A mixed-up blog post, but I haven’t the energy to write three separate posts, so here’s a three-in-one:

  • On Wednesday, I gave a talk at CELT, NUI Galway about “Learning via the Social Web”, which was a slightly-revised version of the one I gave in February. Again, there was an amazing turnout, and there will be a webcast made available via the CELT website at a later date. For now, you can access the PowerPoint slides here.
  • Yesterday, Damien Mulley and I were interviewed by Richard Downes on RTÉ R1 Morning Ireland about the 15th anniversary of CERN releasing the World Wide Web code for free (podcast available here; alternatively there’s an extracted clip here). I talked a little bit about the WWW versus UMn’s Gopher, and how the Web has expanded beyond the initial target audience of academics and researchers. I gave a slightly-tangential answer to a question I was asked about the importance of the Web to Ireland’s future and economy (FYI: CSO 2007 ICT stats), saying how dependent we are on the Web to do many tasks today, and describing how our work at DERI in NUI Galway will help us to deal with the current over-abundance of websites, by adding more structure to web pages so that computers can help us in finding the right information. “Are you telling me that the future of the Web […] is being designed in Galway?”, Richard asked at one point. Yes!!! Finally, I mentioned how the problems with online video gridlock may have larger consequences as the Web is increasingly moving from the desktop to mobile devices where bandwidth is even more important, so smarter ways are needed to reduce exactly what will be sent to your phone (FYI: Opera Mini is a nice example, a tiny Java browser that works on most phones where the content is pre-filtered server-side before it gets to you).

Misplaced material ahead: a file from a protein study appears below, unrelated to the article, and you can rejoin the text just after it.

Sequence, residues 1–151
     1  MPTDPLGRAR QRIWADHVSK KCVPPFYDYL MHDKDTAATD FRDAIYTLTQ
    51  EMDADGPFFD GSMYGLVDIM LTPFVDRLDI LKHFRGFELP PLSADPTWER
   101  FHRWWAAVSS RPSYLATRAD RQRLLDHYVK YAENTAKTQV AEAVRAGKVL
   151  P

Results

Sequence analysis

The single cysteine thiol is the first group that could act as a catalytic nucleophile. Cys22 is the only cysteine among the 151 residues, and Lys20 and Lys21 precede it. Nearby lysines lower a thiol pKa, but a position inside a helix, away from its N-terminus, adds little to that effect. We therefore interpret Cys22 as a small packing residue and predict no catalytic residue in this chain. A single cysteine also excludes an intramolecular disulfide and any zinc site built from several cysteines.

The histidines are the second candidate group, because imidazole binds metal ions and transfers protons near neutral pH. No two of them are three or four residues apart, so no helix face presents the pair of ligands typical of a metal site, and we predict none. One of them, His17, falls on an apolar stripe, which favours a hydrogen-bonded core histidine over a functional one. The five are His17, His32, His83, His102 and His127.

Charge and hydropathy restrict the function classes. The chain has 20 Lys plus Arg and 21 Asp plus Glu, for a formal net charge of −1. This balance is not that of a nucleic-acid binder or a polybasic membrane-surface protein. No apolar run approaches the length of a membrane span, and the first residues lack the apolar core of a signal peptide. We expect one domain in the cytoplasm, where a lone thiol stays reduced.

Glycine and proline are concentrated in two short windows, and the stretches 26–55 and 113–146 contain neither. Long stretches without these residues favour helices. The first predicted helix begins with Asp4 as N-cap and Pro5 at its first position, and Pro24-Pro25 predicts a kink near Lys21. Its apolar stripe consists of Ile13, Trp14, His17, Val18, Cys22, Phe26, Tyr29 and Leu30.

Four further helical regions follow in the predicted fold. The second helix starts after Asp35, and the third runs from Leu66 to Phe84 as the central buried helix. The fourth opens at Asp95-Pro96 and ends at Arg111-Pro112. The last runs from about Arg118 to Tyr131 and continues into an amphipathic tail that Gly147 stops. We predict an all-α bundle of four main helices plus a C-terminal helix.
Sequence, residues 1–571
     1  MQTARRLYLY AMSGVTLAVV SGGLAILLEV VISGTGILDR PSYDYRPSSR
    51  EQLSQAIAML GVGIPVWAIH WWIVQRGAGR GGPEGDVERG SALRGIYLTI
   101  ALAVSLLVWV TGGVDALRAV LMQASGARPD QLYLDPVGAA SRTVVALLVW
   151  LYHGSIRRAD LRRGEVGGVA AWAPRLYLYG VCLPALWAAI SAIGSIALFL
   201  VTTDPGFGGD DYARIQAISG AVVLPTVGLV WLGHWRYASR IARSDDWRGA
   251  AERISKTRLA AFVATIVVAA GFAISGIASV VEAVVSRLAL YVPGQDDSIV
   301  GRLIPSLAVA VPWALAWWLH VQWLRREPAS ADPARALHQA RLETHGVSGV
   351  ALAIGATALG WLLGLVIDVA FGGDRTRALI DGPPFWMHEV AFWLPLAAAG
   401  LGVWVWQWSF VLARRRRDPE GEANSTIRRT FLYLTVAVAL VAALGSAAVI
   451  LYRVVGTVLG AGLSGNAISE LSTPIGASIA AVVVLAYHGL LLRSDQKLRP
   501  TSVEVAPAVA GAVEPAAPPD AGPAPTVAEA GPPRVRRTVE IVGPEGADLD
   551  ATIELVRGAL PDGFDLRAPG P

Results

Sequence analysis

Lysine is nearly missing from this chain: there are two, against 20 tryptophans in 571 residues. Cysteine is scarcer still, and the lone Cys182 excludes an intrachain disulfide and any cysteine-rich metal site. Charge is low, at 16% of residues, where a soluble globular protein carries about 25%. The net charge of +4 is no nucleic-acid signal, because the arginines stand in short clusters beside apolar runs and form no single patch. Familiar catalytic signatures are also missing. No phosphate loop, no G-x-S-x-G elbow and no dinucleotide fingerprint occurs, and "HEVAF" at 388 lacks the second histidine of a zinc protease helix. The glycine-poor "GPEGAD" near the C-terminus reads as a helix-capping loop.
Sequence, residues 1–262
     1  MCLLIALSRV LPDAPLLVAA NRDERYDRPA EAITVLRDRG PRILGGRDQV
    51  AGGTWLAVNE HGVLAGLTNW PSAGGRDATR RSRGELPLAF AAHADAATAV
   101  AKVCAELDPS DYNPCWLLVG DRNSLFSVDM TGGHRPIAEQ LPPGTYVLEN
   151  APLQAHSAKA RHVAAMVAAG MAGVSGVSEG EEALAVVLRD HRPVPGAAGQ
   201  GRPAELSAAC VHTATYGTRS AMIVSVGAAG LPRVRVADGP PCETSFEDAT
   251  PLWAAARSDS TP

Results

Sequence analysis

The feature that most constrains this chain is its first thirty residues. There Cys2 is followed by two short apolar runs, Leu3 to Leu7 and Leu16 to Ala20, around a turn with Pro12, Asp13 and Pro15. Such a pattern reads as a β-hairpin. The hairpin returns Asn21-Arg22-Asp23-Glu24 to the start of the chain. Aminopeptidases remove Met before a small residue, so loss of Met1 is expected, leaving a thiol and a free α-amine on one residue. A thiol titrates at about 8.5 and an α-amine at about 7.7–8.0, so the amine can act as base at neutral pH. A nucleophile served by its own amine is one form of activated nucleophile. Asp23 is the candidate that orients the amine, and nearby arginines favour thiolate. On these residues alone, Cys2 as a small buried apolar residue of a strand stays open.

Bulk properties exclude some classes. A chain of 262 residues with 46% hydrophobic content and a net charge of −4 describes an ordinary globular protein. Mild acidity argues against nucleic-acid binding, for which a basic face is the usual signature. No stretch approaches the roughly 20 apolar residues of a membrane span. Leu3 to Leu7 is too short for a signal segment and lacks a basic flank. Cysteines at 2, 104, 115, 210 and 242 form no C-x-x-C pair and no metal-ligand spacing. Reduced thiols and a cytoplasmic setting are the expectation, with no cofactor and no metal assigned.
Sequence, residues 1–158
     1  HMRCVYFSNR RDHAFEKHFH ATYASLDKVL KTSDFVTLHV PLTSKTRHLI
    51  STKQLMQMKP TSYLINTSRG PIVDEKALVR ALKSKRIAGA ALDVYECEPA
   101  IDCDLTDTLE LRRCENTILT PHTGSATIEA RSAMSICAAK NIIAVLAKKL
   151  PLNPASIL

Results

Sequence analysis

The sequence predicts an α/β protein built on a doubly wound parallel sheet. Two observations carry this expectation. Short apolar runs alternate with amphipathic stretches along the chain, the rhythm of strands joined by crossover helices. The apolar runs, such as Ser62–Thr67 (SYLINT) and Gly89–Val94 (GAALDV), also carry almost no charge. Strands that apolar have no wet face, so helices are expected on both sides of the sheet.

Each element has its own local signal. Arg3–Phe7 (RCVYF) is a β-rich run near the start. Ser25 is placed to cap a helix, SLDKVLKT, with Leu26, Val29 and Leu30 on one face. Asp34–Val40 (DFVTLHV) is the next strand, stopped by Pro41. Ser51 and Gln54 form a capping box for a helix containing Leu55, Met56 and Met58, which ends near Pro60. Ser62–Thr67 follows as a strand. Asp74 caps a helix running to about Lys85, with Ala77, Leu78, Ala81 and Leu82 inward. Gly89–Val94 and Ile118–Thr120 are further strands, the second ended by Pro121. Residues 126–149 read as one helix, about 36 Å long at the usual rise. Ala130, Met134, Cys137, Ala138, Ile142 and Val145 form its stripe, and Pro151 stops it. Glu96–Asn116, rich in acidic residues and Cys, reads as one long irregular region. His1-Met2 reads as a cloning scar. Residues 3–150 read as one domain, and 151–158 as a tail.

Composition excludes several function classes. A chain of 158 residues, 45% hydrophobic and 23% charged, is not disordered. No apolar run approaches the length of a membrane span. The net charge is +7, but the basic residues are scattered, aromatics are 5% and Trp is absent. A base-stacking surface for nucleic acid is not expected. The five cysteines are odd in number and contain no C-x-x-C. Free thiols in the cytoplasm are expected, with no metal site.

• Last night, I went along with friend Conrad to see Ulrich Schnauss at Stress in DeBurgo’s here in Galway. Although I missed the encore (it had been a long day, with a nine-hour session at work), I really enjoyed the night and the support acts: Beatpoet was great playing on his mono-something device, and Airiel were pretty good too 🙂

Slides from the SIOC tutorial at WWW2008

Here are the PowerPoint slides from our tutorial on “Interlinking Online Communities and Enriching Social Software with the Semantic Web” at the World Wide Web Conference in Beijing – you can also download them from here: